Wow, what a week for this beauty! Ian Poulter was the first to play this gem on Thursday - and made birdie! The first player to dump one in the water? Goydos. The last to dump one in the water? Again, agonizingly, Goydos. And then to top it all off? She was the first hole in the playoff. And for all of you scoring at home, the final tally: 64 balls in the water. The beautiful ones always break your heart. Ask Mr. Goydos.
NO-BRAINER: Jack Nicklaus received the PGA TOUR’s lifetime achievement award Wednesday, honored for his extended contributions on and off the golf course and for serving as an “ambassador of the game.”
This was about as tough a decision for the PGA TOUR to make as the one Tiger faces when deciding what color shirt to wear on Sundays. An easy tap-in for Finchem to honor Nicklaus, whose records and accomplishments we quite frankly don’t have the space, or manpower, to list in this space. But to just name a few: 73 TOUR wins, a record 18 professional majors, and a mind-boggling 19 runner-ups in majors.
TAPPING ON A SHOULDER: Annika Sorenstam won the Michelob Ultra Open in a runaway with a tournament-record 19 under, as former world No. 1 beat four others by a record-tying seven strokes. The victory is the second straight for the former No. 1 ranked player in the world and her third overall in 2008 – but her first with Ochoa in the field.
Not only did Annika win this tournament going away, but she ran over Lorena Ochoa in the process, beating her by twelve shots. Sorenstam's thrashing of the competition harkened back to the days when she was the world's best, something not lost on the Swede saying afterwards, “That’s the way I used to play." Lorena, the ball is now in your court.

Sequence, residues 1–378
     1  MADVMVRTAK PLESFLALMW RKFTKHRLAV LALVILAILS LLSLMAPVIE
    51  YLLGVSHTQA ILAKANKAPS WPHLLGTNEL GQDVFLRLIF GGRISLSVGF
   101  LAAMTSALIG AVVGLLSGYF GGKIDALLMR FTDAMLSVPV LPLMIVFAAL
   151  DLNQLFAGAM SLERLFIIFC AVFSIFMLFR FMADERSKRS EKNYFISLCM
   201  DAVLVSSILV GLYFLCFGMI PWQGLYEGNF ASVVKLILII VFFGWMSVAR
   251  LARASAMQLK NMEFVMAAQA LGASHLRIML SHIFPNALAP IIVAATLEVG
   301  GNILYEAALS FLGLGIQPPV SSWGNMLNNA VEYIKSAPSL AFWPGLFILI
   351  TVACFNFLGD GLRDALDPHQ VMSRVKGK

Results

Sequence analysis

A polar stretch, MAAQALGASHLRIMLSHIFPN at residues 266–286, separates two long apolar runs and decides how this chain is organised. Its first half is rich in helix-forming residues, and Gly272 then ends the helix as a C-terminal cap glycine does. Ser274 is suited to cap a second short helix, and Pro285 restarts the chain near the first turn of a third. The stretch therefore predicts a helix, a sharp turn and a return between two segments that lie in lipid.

CLASS DISMISSED: The PGA TOUR held its annual players meeting at Ponte Vedra Beach and stressed the importance of keeping a professional appearance even when not competing in an event. Slow play was also a hot topic – once again.
Just a hunch, but Finchem probably had a shirtless, shoeless John Daly in mind when he urged players to represent the TOUR professionally outside of tournaments. As for the action on the course, players complain and moan all the time about slow play and the TOUR does little or nothing about it. Expect them to slow play the slow play issue once again.